New Construction Inspections

New Construction Inspections

US Inspect evaluates many newly constructed homes each year, often finding as many issues with these homes as with older homes. Sometimes, the issues are primarily related to fit and finish and are minor in nature. Other times, the issues are more significant and would create long term problems if not identified early and corrected by the builder.Many new home buyers obtain peace of mind by having the home inspected 3 times during construction. These “phase inspections” occur at pre-determined times in the construction process and are called foundation inspection, framing inspection (a.k.a. pre-drywall inspection), and final inspection. These inspections are conducted by US Inspect’s ICC (International Code Council) certified inspectors.

Phase inspections require close coordination between the buyer and their builder. Once the home is ready for drywall installation, the builder will not hesitate to begin this stage of the process, thus eliminating the opportunity for a framing inspection. Communicate early and often with your builder to ensure they know which inspections you intend to have performed. Also, notify us of the anticipated inspection dates, as they are likely to change due to the builder’s schedule and any weather related delays.

Foundation Inspection

Foundation inspections are usually performed after the forms have been removed from the foundation and just prior to backfilling the soil against the foundation walls. This allows for inspection of the sewer and drain lines prior to laying the slab. Additionally, the footings, drain tiles, waterproofing, etc. can be inspected at this time.

Framing / Pre-Drywall Inspection

Framing inspections are conducted just prior to the sheetrock being installed. This allows inspection of the mechanical and electrical rough-in, including HVAC equipment, structure/framing, electrical wiring, etc. Typical flaws found include cracked and/or warped framing, damaged/crimped ductwork, improper notching of floor joists, and inadequate fire stop material between floors of the home. These items must be identified at this stage of construction if they are to be remedied. Once drywall is installed, the defect will likely never be found. If it is found in the future, it is typically due to problems created by the initial oversight. At this stage, the defect is much more costly to remedy and creates headaches for the homeowner.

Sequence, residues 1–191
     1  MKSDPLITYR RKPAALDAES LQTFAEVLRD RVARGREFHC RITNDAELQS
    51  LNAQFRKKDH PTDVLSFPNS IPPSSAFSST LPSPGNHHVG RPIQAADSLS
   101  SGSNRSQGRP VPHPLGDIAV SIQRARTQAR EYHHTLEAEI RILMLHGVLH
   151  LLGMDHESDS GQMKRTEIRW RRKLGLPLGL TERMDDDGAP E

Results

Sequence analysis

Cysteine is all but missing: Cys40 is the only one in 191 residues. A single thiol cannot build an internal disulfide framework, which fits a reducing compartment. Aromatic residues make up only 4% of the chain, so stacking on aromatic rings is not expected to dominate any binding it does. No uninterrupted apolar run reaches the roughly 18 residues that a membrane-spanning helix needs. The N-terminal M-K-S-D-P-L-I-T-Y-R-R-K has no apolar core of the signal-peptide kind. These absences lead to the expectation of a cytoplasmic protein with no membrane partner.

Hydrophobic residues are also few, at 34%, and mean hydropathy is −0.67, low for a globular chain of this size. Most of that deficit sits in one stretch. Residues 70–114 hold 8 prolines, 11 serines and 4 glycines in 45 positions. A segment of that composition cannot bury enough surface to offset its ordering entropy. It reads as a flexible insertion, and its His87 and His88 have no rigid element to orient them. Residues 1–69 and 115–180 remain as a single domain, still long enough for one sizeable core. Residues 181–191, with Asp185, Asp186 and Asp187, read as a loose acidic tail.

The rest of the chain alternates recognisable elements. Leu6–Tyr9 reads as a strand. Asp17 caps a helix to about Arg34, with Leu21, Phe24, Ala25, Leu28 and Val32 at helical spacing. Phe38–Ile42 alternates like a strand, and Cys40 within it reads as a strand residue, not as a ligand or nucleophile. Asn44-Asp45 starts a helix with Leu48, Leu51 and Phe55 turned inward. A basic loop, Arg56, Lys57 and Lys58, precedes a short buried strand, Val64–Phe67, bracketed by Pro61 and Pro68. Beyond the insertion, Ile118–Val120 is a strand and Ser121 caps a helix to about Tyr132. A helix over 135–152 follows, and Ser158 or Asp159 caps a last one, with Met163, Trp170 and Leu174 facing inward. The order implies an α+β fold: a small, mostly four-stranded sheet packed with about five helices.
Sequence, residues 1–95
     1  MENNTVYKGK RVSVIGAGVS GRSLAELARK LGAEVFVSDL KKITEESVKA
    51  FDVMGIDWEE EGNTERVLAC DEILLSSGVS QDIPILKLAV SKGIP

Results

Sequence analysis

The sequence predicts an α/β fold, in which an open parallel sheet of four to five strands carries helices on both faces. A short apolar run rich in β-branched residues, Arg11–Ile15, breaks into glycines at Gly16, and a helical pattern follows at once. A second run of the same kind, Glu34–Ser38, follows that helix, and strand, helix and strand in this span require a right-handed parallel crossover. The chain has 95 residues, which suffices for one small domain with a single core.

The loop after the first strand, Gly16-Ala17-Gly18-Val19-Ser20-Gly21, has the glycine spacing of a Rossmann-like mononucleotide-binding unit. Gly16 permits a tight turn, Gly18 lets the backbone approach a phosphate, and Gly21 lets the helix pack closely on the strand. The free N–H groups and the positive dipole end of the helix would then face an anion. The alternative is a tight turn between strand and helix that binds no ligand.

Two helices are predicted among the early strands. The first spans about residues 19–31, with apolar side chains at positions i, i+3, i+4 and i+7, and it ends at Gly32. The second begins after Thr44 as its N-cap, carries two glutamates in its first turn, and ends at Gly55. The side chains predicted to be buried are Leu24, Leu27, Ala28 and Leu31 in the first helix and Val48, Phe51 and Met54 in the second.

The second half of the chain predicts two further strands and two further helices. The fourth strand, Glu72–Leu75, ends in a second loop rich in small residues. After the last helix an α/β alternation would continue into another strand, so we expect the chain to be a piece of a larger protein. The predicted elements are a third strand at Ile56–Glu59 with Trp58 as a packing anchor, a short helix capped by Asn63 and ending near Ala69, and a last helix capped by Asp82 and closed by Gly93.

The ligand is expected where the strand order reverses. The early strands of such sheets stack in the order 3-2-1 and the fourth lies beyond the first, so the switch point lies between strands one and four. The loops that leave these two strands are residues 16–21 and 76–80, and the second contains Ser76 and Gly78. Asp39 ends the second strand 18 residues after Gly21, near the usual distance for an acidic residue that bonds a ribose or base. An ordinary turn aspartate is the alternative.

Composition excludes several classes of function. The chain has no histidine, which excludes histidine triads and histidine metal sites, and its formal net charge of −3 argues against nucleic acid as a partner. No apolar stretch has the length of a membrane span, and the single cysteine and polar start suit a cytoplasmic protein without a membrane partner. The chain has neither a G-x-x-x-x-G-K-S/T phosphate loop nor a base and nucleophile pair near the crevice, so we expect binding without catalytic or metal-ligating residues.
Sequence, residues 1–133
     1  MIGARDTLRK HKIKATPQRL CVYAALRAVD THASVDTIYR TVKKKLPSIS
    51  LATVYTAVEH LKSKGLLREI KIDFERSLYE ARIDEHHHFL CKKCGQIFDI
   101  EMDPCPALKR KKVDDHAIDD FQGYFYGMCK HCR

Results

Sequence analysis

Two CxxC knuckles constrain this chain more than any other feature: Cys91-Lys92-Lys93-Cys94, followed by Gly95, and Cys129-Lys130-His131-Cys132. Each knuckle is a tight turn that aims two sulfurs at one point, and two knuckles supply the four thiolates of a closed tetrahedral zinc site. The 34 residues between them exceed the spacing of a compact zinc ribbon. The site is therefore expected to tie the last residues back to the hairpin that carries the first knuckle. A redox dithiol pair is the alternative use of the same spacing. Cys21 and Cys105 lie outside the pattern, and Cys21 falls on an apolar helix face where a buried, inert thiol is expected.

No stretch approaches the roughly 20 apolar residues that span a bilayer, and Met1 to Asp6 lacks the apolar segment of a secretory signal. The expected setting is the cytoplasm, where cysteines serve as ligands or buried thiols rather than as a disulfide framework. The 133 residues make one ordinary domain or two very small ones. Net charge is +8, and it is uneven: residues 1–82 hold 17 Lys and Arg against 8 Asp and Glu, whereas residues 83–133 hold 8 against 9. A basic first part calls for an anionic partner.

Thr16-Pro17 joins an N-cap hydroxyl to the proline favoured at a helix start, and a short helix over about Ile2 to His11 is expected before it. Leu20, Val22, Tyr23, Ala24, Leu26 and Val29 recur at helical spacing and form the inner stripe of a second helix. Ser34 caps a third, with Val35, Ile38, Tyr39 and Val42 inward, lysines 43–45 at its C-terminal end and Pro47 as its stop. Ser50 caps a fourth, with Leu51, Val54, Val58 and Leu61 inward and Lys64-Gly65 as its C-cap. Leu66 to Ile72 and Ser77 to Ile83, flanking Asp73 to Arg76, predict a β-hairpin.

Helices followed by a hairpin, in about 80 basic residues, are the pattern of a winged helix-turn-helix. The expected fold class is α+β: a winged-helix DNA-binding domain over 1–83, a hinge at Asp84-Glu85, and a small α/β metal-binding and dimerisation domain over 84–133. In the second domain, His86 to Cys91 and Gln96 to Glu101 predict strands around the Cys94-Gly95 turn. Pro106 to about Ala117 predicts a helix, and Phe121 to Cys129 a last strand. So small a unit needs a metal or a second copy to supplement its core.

Final Inspection

The final inspection is just as it sounds… the full home inspection (including infrared thermography) which most buyers are familiar with. It is conducted after the home is 100% complete, but before your builder walk-through prior to closing. This allows items to be added to the builder’s final punchlist for repairs before closing. This inspection follows the guidelines of the American Society of Home Inspectors (ASHI) and covers the following items (Structure, Roof, Exterior, Interior, Attics, Foundation, Decks and Porches, Plumbing and Fixtures, Heating and Cooling Systems, Electrical Systems, and others). US Inspect also performs infrared thermal imaging at no additional cost.


  • Do not rely solely upon municipal code inspections which might have occurred. While beneficial, these inspections are not nearly as comprehensive as US Inspect’s phase inspections.
  • Code is the minimum standard to which a new home has to be built.
  • Many builders are not ICC code certified for structural, mechanical, plumbing, and electrical like US Inspect’s inspectors.
  • Homebuilding is a complex, multi-stage process with many moving parts involving many subcontractors. There is significant opportunity for items to be overlooked, installed incorrectly, or for the process to get out of order.